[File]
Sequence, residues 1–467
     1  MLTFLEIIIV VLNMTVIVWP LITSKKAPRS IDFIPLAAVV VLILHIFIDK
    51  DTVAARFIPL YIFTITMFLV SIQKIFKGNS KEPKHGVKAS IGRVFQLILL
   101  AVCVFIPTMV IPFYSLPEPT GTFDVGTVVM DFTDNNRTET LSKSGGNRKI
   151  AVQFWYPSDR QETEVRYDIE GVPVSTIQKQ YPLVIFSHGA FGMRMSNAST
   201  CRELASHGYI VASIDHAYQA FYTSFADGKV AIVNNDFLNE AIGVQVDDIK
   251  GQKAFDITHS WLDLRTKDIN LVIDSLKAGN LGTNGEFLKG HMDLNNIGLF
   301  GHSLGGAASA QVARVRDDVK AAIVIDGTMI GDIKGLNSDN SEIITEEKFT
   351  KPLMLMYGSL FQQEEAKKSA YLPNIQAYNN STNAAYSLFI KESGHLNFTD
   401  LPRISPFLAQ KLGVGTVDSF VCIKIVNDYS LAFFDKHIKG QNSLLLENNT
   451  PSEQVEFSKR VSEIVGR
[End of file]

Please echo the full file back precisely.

Sequence, residues 1–467
     1  MLTFLEIIIV VLNMTVIVWP LITSKKAPRS IDFIPLAAVV VLILHIFIDK
    51  DTVAARFIPL YIFTITMFLV SIQKIFKGNS KEPKHGVKAS IGRVFQLILL
   101  AVCVFIPTMV IPFYSLPEPT GTFDVGTVVM DFTDNNRTET LSKSGGNRKI
   151  AVQFWYPSDR QETEVRYDIE GVPVSTIQKQ YPLVIFSHGA FGMRMSNAST
   201  CRELASHGYI VASIDHAYQA FYTSFADGKV AIVNNDFLNE AIGVQVDDIK
   251  GQKAFDITHS WLDLRTKDIN LVIDSLKAGN LGTNGEFLKG HMDLNNIGLF
   301  GHSLGGAASA QVARVRDDVK AAIVIDGTMI GDIKGLNSDN SEIITEEKFT
   351  KPLMLMYGSL FQQEEAKKSA YLPNIQAYNN STNAAYSLFI KESGHLNFTD
   401  LPRISPFLAQ KLGVGTVDSF VCIKIVNDYS LAFFDKHIKG QNSLLLENNT
   451  PSEQVEFSKR VSEIVGR